New Jersey League of Conservation Voters is making the environment a top priority in Trenton.

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Bill Aimed At Identifying Lead Threat In Water Lines

Lead that gets into drinking water from old water pipes can cause serious health problems.

New Jersey lawmakers are considering legislation that would help assess the extent of that hazard.

A bill advanced by an Assembly committee would require public water systems to submit a list of lead service lines in their distribution system to the Department of Environmental Protection.

Chris Sturm with New Jersey Future says that’s an important step.

“It would set New Jersey communities on the path to understanding where those lead service lines are, cost estimates for how to replace them. It would also empower homeowners to know what they’re dealing with.”

Henry Gajda with the New Jersey League of Conservation Voters also supports the measure.

 

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Testimony on SCR121, Condemning EPA decision to withdraw from once-in-always-in policy

TYPE: Legislation

NUMBER: SCR121

DESCRIPTION: Condemns EPA decision to withdraw from "once-in-always-in" policy under Clean Air Act.

POSITION: Support

TO: Senate Energy & Environment Committee

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Testimony on S2476, Limiting DEP's oversight

TYPE: Legislation

NUMBER: S2476

DESCRIPTION: Amends law to limit DEP's direct oversight of remediation of portion of contaminated site under certain circumstances.

POSITION: Opposed

TO: Senate Budget & Appropriations Committee

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Testimony on S2255, Tax Credits for Electric Vehicle Charging Stations

TYPE: Legislation

NUMBER: S2255

DESCRIPTION: Provides corporation business tax credit and gross income tax credits for purchase and installation of certain electric vehicle charging stations.

POSITION: In favor

TO: Senate Energy & Environment Committee
 

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NEW JERSEY LCV, ED POTOSNAK STATEMENT ON THE CONFIRMATION OF ACTING COMMISSIONER CATHERINE MCCABE

TRENTON, NJ—Ed Potosnak, Executive Director of New Jersey League of Conservation Voters, released the following statement on the Senate Judiciary’s bipartisan approval of Catherine McCabe for the position of Commissioner of the New Jersey Department of Environmental Protection, confirmed by full vote during today's Senate legislative session:

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LCV HONORS ADRIAN GRENIER, HANSJORG WYSS, NEW JERSEY LCV AT ANNUAL DINNER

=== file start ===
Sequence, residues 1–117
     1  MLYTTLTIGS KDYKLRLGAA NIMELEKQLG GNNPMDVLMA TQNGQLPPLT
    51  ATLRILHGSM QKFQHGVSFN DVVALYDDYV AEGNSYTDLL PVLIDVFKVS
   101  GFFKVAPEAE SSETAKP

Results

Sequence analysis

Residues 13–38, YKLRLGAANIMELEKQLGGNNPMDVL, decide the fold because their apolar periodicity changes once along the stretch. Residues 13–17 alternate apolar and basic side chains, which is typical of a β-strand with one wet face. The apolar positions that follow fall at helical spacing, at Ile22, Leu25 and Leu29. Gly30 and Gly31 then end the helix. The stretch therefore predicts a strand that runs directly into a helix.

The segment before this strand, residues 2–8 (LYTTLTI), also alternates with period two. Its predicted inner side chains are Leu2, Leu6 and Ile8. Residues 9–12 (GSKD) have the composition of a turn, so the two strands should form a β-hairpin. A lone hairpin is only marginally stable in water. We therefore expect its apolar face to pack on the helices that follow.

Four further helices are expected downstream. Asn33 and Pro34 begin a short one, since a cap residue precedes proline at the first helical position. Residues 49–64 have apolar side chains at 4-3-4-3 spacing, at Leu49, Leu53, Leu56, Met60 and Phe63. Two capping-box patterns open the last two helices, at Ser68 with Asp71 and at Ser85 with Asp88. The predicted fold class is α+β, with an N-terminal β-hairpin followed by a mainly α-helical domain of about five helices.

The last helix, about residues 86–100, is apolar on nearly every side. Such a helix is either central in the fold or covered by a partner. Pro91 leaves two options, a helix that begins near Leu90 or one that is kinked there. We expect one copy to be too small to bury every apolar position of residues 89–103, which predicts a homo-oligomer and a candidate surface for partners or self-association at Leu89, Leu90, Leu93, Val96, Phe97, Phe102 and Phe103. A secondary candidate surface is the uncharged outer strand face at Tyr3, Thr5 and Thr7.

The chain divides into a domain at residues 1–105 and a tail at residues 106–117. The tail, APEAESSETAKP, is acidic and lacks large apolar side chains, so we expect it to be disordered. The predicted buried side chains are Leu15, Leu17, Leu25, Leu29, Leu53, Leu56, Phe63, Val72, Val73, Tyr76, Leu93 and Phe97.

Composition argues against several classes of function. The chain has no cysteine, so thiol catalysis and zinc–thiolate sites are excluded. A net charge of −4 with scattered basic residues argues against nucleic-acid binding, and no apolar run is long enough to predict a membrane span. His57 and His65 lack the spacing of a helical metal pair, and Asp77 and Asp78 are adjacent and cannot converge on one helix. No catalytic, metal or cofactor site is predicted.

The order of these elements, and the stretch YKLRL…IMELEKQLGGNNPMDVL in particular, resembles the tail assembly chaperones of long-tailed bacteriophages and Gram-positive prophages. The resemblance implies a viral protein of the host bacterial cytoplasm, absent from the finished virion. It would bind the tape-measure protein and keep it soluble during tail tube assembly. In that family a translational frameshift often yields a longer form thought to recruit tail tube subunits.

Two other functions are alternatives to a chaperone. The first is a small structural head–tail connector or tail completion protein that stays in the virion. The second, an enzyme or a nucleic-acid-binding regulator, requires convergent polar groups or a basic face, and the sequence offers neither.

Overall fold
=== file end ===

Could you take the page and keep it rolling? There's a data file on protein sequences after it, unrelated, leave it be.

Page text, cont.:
Ed Potosnak wins the John Hunting Award

Washington, D.C. — At its annual dinner in the nation’s capital Wednesday night, the League of Conservation Voters (LCV) presented awards to actor and activist Adrian Grenier, conservationist and philanthropist Hansjorg Wyss, and the New Jersey League of Conservation Voters.

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Groups celebrate conditional veto of hazardous waste processer bill

A hazardous waste processor will not be able to quickly reopen in Salem County after Gov. Phil Murphy conditionally vetoed a bill that would have exempted it from new permit requirements.

“The improvements the Governor made to the bill in his conditional veto will safeguard our clean drinking water, the Delaware River, and the fishing industries that rely on its health,” said Ed Potosnak, executive director of New Jersey League of Conservation Voters.

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NEW JERSEY LCV APPLAUDS GOVERNOR MURPHY’S CONDITIONAL VETO OF HAZARDOUS WASTE BILL

TRENTON, NJ- New Jersey League of Conservation Voters would like to thank Governor Murphy for his conditional veto of A3116/S879, which would amend the definition of “existing major hazardous waste facility” in “Major Hazardous Waste Facilities Siting Act.”

The legislation would create a loophole that allows the DuPont/Chambers Works plant to accept an expanded collection of hazardous wastes, which includes fracking waste from Pennsylvania.  If the bill had been signed in the current form, the company would have been able to avert the important environmental regulatory reviews to protect clean drinking water. The and allow the plant to renew commercial operations, which is unprecedented considering its toxic past.

The Governor sent the bill back to the Senate, asking simply to apply current public health and environmental protection to the wastewater treatment facilities.

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10 of New Jersey's toughest environmental risks

As the most densely populated state in the U.S., with one of the oldest industrial bases and highest number of severely polluted Superfund sites, New Jersey may be expected to face severe environmental problems.

And we do. But a coalition of environmental groups led by the New Jersey League of Conservation Voters Education Fund has prepared a plan to tackle some of the biggest environmental threats.

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PLAN ADVANCES TO BAN FOAM CUPS AND PLATES IN NJ SCHOOL CAFETERIAS

Polystyrene

A bill directing public schools and colleges in New Jersey to stop selling food and beverages in polystyrene packaging has taken a first step in the Legislature. 

Henry Gajda, a public policy association for the New Jersey League of Conservation Voters, said the plastic takes 500 years to biodegrade and accumulates in the food chain and waterways. He said 25 billion polystyrene cups are used a year in the United States, accounting for 20 percent to 30 percent of landfill composition.

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